The proposed constitution is wholly unsatisfactory, because, in the preamble to the Palestine Order in Council “the declaration of November 2nd, 1917, in favour of the establishment in Palestine of a national home for the Jewish People” is made a basis for this Order. The People of Palestine cannot accept this Declaration as a basis for discussion.
The Delegation requests that the constitution for Palestine should… provide for the creation of a national independent Government in accordance with the spirit of paragraph 4, Article 22, of the Covenant of the League of Nations.
The Colonial Office replied on March 1, 1922:
His Majesty’s Government have no intention of repudiating the obligations into which they have entered towards the Jewish people. Mr. Churchill has informed you on more than one occasion that he cannot discuss the future of Palestine upon any other basis than that of the letter addressed by the Right Honourable A. J. Balfour to Lord Rothschild on the 2nd November, 1917, commonly known as the “Balfour Declaration”.
The Colonial Office did however try to assuage their fears about “a flood of alien Jewish immigration” by quoting a recent speech in Palestine by the High Commissioner (head of the administration):
These words (National Home) mean that the Jews, who are a people scattered throughout the world, but whose hearts are always turned to Palestine should be enabled to found here their home, and that some amongst them, within the limits fixed by numbers and the interests of the present population, should come to Palestine in order to help by their resources and efforts to develop the country to the advantage of all its inhabitants.
This was the first and last time that the British Government said that Jewish immigration should be limited by “the interests of the present population”. The Colonial Office also said that “Mr. Churchill is reluctant to believe that your Delegation, or the people whom they represent, can entertain any objection in principle to the policy as thus interpreted.” The Delegation was not convinced that Jewish immigration was benefiting all the country’s inhabitants. In a letter of March 16, 1922 they said:
It is an incontrovertible fact that public security in Palestine has been greatly disturbed by those Jews who have been admitted into the country from Poland and Russia, that arms are continually being smuggled in by them, and that their economic competition with the Arabs is very keen.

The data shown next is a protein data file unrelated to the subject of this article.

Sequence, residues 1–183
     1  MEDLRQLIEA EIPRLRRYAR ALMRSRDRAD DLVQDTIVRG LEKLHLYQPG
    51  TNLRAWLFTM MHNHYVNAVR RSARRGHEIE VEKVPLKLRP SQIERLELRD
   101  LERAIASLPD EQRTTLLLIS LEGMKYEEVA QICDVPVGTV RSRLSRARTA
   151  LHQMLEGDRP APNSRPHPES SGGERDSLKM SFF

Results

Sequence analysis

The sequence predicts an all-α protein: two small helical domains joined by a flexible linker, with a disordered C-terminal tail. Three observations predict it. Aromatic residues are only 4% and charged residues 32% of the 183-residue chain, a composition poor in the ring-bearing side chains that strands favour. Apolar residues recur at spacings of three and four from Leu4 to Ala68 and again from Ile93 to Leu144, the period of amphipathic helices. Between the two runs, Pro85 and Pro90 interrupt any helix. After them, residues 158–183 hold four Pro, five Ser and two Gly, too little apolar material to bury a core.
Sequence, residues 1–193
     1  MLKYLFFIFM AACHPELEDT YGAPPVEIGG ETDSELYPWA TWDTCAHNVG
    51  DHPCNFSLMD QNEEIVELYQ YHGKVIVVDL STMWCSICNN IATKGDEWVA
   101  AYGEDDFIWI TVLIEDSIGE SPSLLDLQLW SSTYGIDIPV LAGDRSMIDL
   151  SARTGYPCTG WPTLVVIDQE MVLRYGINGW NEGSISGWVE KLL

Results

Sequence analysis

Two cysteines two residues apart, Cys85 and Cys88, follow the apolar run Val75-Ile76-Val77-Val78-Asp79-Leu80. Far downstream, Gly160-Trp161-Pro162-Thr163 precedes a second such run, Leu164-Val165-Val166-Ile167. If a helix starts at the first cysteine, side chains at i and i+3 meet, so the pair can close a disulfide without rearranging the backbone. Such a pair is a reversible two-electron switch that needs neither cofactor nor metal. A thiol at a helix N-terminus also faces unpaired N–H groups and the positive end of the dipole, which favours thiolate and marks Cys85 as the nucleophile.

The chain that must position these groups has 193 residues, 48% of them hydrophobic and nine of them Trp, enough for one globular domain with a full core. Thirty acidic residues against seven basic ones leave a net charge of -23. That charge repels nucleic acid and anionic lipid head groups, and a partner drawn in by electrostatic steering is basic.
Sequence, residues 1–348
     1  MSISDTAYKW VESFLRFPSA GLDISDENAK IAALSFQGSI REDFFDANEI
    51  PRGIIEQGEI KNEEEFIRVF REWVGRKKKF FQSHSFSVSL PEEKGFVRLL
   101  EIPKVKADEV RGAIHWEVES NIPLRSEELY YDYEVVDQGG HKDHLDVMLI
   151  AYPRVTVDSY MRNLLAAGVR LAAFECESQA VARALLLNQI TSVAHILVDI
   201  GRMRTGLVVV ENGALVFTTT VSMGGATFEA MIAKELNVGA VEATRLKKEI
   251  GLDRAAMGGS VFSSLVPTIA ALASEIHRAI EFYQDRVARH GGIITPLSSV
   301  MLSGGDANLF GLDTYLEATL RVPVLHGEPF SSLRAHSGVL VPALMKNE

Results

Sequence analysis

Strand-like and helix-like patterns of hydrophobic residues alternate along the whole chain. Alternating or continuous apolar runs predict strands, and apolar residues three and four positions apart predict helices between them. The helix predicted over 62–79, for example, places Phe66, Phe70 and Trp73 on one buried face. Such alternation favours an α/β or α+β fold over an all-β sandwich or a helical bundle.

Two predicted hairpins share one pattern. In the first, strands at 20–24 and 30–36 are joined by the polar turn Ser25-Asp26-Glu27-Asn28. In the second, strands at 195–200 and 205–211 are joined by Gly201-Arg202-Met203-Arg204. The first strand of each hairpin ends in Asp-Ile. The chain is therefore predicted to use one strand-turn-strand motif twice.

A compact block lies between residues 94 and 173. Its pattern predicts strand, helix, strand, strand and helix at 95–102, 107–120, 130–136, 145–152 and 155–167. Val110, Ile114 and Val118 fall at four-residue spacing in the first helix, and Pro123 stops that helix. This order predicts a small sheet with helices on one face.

In a later letter, on June 17, 1922 they gave further examples:
“Immigrant Jews in the towns are competing with the townspeople for their daily bread, permanently endangering public security and rioting occasionally; Arab railway employees are being turned out of their jobs in order to make room for Jewish employees, who lack experience in railway work and cannot speak the language of the country”.
The letter of March 16, 1922 also suggested that the Jewish National Home policy was inconsistent with the Covenant of the League of Nations, and that the British obligation towards the Jewish people should be renounced:
The object aimed at by Article 22 of the Covenant of the League of Nations is “the well-being and development of the people” of the land. Alien Jews not in Palestine do not come within the scope of this aim, neither is their association with Palestine more close than that of Christians and Moslems all over the world. Consequently the Jewish National Home policy is contrary to the spirit of the Covenant. We would [also] point out that a large section of the Jews in Palestine and the majority of the Jews of the world are not in favour of the Zionist Movement.
Article 20 of the Covenant states that: “In case any Member of the League shall, before becoming a Member of the League, have undertaken any obligations inconsistent with the terms of this Covenant, it shall be the duty of such Member to take immediate steps to procure its release from such obligations.”
Early in June 1922 the British Government produced a Memorandum on British Policy in Palestine, essentially a draft of the Churchill White Paper (see below). This introduced a new point of controversy into the correspondence with the Palestinian Arab Delegation: the role of the Zionist Commission. The Delegation’s letter of 17 June, 1922 said:
The Memorandum says:— “The Zionist Commission in Palestine, now termed the Palestine Zionist Executive, has not desired to possess, and does not possess, any share in the general administration of the country. Nor does the special position assigned to the Zionist Organisation in Article IV of the Draft Mandate for Palestine imply any such functions.”
Any one who is not intimately connected with the actual facts of Palestine cannot but admit that the above exposition of Zionist functions in Palestine is very plausible and appropriate. Those of us, however, who have had four long years’ experience of the activities of this Commission are, unfortunately, unable to subscribe to the above exposition. In Palestine, as everywhere else, deeds speak better than words.
In the first place we would point out that since its establishment in Palestine the Zionist Commission has very much interfered with the Administration of Palestine under one pretext or another, all of which were based on solicitude for Jewish interests. One military Administrator after another, and one British official after another, had to go because they could not and would not govern the country on lines laid down by the Zionist Commission.